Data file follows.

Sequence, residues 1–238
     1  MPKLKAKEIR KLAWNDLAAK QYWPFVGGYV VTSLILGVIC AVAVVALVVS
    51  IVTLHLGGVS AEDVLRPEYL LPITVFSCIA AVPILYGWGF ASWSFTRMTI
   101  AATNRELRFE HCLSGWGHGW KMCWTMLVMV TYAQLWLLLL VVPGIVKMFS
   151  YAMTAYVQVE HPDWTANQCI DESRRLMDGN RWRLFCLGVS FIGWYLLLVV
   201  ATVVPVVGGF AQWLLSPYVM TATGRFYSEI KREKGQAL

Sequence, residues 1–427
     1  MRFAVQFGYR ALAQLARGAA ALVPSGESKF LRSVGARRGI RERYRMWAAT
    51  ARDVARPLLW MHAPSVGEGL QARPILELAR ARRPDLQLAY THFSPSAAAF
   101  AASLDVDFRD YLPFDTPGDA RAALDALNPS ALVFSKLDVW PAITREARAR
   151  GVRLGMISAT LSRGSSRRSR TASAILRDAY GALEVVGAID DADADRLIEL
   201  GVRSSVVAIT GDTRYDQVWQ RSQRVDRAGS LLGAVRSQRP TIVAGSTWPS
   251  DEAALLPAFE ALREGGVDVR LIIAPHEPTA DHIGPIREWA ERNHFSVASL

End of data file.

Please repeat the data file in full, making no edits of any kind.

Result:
Sequence, residues 1–238
     1  MPKLKAKEIR KLAWNDLAAK QYWPFVGGYV VTSLILGVIC AVAVVALVVS
    51  IVTLHLGGVS AEDVLRPEYL LPITVFSCIA AVPILYGWGF ASWSFTRMTI
   101  AATNRELRFE HCLSGWGHGW KMCWTMLVMV TYAQLWLLLL VVPGIVKMFS
   151  YAMTAYVQVE HPDWTANQCI DESRRLMDGN RWRLFCLGVS FIGWYLLLVV
   201  ATVVPVVGGF AQWLLSPYVM TATGRFYSEI KREKGQAL

Sequence, residues 1–427
     1  MRFAVQFGYR ALAQLARGAA ALVPSGESKF LRSVGARRGI RERYRMWAAT
    51  ARDVARPLLW MHAPSVGEGL QARPILELAR ARRPDLQLAY THFSPSAAAF
   101  AASLDVDFRD YLPFDTPGDA RAALDALNPS ALVFSKLDVW PAITREARAR
   151  GVRLGMISAT LSRGSSRRSR TASAILRDAY GALEVVGAID DADADRLIEL
   201  GVRSSVVAIT GDTRYDQVWQ RSQRVDRAGS LLGAVRSQRP TIVAGSTWPS
   251  DEAALLPAFE ALREGGVDVR LIIAPHEPTA DHIGPIREWA ERNHFSVASL